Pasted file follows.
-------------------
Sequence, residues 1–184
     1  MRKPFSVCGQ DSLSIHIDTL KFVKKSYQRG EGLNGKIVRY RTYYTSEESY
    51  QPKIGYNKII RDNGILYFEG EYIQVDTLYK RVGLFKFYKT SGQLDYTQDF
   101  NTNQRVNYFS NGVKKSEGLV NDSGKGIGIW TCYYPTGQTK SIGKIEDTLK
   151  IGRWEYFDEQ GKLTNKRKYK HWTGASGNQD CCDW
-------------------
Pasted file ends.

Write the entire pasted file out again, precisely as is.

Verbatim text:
Sequence, residues 1–184
     1  MRKPFSVCGQ DSLSIHIDTL KFVKKSYQRG EGLNGKIVRY RTYYTSEESY
    51  QPKIGYNKII RDNGILYFEG EYIQVDTLYK RVGLFKFYKT SGQLDYTQDF
   101  NTNQRVNYFS NGVKKSEGLV NDSGKGIGIW TCYYPTGQTK SIGKIEDTLK
   151  IGRWEYFDEQ GKLTNKRKYK HWTGASGNQD CCDW